But that doesn’t change the election results
Other than the election workers and the security guard at the front door, there were just two individuals in the Plumas County courthouse when the votes came in Nov. 6 — a Feather Publishing reporter and local radio host Ron Trumbo. Just minutes after the 8 p.m. state polls closed, Kathy Williams, the county’s chief elections official, handed the vote results to the two journalists present. There were no candidates, no Measure B proponents or opponents, no interested members of the public to let out a whoop of delight or a sigh of disappointment.
At least during the night of the June primary just a few months ago, there were individuals who wanted to see the process in action, and watched through the glass as the ballots were tabulated.
Last Tuesday was in such contrast to the elections of days gone by when crowds gathered in the courthouse lobby and waited for the latest results to be written on the giant chalkboard. Elections workers waited for the ballots to be driven to the courthouse from the county’s far-flung precincts. There was no internet by which to view the results, so Feather Publishing held its newspapers and the Wednesday morning headlines would herald the results. Often stories were written in advance with the numbers to be plugged in as they became available, but when we guessed wrong, the story would have to be edited as the press crew waited.
While those were stressful times with late nights, there was an electricity in the air that was distinctly missing last Tuesday evening. Just a radio man and a newspaper woman who have covered this process for decades, and a group of tired election workers who had helped an onslaught of last minute voters throughout the day, were around to see the results.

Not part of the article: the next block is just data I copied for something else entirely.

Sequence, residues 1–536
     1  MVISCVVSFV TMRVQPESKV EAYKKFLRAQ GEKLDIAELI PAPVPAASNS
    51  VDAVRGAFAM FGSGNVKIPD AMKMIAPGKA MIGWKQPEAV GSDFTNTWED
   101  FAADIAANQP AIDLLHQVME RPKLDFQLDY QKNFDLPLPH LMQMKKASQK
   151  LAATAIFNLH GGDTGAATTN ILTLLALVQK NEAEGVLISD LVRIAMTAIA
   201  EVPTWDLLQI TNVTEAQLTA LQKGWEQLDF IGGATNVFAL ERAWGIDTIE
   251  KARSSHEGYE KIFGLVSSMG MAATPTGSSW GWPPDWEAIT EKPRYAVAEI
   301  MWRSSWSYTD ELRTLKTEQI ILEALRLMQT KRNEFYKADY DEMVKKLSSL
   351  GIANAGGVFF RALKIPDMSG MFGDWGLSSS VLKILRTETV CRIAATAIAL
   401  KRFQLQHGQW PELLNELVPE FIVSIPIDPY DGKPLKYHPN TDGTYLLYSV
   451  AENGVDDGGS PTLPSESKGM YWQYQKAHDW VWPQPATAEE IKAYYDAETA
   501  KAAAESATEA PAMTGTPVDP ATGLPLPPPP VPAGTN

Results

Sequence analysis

But despite the lack of drama in the courthouse, there were no doubt celebrations in living rooms across the county as the opponents of Measure B and the candidates for various local offices enjoyed their wins. And at the end of the day that is what the process is all about — letting the people decide what they want their city, county or country to look like and who will represent them.
The preliminary results are published and final figures are expected this Friday, Nov. 16, after the elections office has verified signatures of the ballots that remained to be counted. Maybe some results will change, maybe not. That fact too has added a little to the evening being a bit anticlimactic.
We would like to extend our congratulations to all of those individuals who had the courage to put their names on the ballot. This election drew candidates for races that sometimes go unchallenged. And congratulations go to last night’s winners who worked for their candidacy or their cause. Both sides of Measure B spent untold hours trying to get their message and their point of view out to the electorate. It was incredible to watch the level of passion and commitment exhibited.
Now it’s time to move on — for the newly elected to take their seats and deliver on their promises, and for the Board of Supervisors to act on commercial cannabis. And though we all deserve a moment to breath before we turn our attention to 2020, we should not be complacent. Let’s remain engaged in the process.